Legal measures involving cybersecurity and data protections are, it seems, few and far between. The last significant, active measure that was created for digital security and privacy protections was the General Data Protection Regulation (GDPR), passed and put into effect by the EU in early 2018.
According to Michael Nunic with Ontrack, the GDPR requires that companies which handle the data of EU citizens must comply with and enact measures promoting:
- Personal data encryption and anonymization
- The ability to ensure the confidentiality, integrity, availability and resiliency of systems and services
- Rapid restoration of and access to personal data in the event of a physical or technical incident
- Processes for reviewing and evaluating the safety of processing information.
Unfortunately, these measures did not stop a spat of breaches and successful attacks throughout 2018. Part of the problem is that new technologies are invented and innovated upon every day, seemingly faster than legal bodies can respond to with legislation. At the forefront of those technologies: Artificial Intelligence.
AI and the Connected World
In the annual Gartner CIO Agenda survey released in October 2018, “40 percent of CIOs said artificial intelligence (AI) was the top game-changer technology,” writes Alison DeNisco Rayome. “Some 37 percent of CIOs said their organization had already deployed AI or that deployment was in short-term planning.”
AI is such a powerful tool because of how well it integrates into almost any technological infrastructure. Data points captured by beacon technology and the Internet of Things (IoT) means that automated processes will underpin almost every aspect of society. Home automation, smart cars, and healthcare are all set to change drastically because of innovations in IoT technology — add to that advancements in AI and we’re talking about significant, rapid transformations in our society.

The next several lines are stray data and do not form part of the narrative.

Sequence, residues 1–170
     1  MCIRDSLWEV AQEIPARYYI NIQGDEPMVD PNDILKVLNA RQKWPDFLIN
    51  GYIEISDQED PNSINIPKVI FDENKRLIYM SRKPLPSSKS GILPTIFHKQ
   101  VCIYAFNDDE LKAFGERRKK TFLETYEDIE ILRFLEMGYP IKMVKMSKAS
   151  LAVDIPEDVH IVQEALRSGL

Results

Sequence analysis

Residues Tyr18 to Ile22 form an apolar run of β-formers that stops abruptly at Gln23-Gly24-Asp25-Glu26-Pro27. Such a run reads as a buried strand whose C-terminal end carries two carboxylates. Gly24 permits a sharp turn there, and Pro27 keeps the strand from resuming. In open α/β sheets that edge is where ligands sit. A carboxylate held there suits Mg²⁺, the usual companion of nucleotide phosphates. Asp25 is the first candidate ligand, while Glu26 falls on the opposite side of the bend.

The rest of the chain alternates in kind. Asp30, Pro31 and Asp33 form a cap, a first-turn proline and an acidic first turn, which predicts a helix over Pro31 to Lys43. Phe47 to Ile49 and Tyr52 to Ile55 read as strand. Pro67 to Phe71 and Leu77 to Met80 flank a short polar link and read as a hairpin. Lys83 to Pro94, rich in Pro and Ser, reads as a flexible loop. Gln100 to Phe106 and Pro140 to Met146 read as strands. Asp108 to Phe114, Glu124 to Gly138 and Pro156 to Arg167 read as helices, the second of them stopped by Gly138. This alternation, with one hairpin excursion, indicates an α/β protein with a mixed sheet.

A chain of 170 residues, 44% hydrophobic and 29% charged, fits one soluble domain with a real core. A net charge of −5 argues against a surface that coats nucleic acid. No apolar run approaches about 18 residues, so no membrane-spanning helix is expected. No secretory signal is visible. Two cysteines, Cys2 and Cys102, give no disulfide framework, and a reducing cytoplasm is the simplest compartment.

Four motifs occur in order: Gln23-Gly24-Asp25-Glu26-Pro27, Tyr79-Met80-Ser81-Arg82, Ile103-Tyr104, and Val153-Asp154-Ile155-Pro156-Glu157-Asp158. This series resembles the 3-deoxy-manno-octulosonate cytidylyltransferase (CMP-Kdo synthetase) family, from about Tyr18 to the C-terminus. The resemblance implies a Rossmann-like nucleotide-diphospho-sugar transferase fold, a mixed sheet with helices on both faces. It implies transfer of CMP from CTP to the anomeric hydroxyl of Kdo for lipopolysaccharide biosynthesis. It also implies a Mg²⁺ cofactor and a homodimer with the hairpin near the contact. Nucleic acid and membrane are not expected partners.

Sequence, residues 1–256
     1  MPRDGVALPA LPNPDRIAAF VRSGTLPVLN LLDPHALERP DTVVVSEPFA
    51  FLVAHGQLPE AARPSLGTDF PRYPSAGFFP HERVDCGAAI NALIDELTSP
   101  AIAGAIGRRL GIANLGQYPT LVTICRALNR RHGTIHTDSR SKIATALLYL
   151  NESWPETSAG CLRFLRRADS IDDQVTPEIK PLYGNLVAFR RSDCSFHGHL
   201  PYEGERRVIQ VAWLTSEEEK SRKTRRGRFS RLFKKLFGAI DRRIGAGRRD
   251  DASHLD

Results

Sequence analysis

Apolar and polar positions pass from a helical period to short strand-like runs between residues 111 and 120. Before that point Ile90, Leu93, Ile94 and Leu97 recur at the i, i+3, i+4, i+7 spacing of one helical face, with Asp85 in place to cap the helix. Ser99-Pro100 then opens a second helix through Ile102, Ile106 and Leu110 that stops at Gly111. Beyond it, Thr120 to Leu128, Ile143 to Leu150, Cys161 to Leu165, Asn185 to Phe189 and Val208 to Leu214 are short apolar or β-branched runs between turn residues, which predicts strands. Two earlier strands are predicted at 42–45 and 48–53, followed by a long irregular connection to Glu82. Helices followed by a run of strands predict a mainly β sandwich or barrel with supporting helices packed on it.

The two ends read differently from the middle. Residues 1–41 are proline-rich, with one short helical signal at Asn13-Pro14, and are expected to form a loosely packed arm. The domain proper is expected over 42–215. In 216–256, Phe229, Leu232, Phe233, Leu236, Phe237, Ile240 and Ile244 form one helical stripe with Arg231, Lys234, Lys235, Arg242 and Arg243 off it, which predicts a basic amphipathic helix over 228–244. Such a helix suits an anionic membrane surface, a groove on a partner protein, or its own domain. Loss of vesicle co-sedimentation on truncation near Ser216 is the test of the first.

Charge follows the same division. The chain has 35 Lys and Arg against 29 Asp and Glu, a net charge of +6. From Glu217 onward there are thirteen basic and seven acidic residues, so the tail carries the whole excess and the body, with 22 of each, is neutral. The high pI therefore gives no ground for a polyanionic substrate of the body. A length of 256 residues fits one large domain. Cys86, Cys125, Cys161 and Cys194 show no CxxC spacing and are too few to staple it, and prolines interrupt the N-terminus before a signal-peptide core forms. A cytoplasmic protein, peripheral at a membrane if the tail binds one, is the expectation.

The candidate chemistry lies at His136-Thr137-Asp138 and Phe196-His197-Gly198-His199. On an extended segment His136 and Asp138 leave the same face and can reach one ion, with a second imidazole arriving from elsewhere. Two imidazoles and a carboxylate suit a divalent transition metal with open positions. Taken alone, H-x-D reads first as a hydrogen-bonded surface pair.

Unfortunately, there are still problems with AI that need to be resolved.
“In terms of deployment, AI was second only to cybersecurity (88 percent),” continues Rayome.
Corroborating this sentiment is Macy Bayern, who writes that when considering the impacts of AI, respondents of Deloitte’s recent State of AI in the Enterprise report cited cybersecurity as the top concern when it comes to executing AI projects.
“Some 32 percent of businesses professionals have experienced an AI-related breach within the last two years,” she writes. “In fear of more cybersecurity infiltrations, 30 percent of respondents have slowed initiatives, and one in five have opted to not launch an AI initiative.”
Security Issues & Solutions
Interestingly, even though CIOs are citing the security risks of AI-implementation within their organizations, AI is one of the most promising technologies in the field of cybersecurity itself.
“Because cybersecurity today is largely labour-constrained, it is ripe with opportunities for automation using AI. Increased use of AI for cyber defence, however, may introduce new risks,” writes the authors of The Malicious Use of Artificial Intelligence report.
Other security issues and concerns presented with AI include the incidental creation of previously unknown exploitable weaknesses or vectors via its implementation. Nevertheless, AI is on its way, whether we like it or not.
“Demand has shown us that consumers and businesses obviously see benefits to AI-related services as they consistently adopt virtual assistants, fly on AI-flown airplanes that pilot seamlessly in fog, or use smart software to organize piles of information and photos,” writes Mike Armistead for SC Magazine.
Armistead is not wrong. The only reason that the EU’s GDPR legislation ever had to be introduced in the first place was because the world created technology riddled with security holes and problems. We create dangerous things, and then we try to tame them later — this is the human way, for better or worse.
Luckily, the problem may also end up being the solution. As AI technology continues to develop, we will better understand how to use it safely, and how to use it to protect ourselves. Perhaps, in time, we’ll develop legislation to cover our bases with AI-security, but hopefully, we won’t have to.
If we proceed cautiously and intelligently, AI could become the end-all-be-all to the cybersecurity industry. Only time will tell.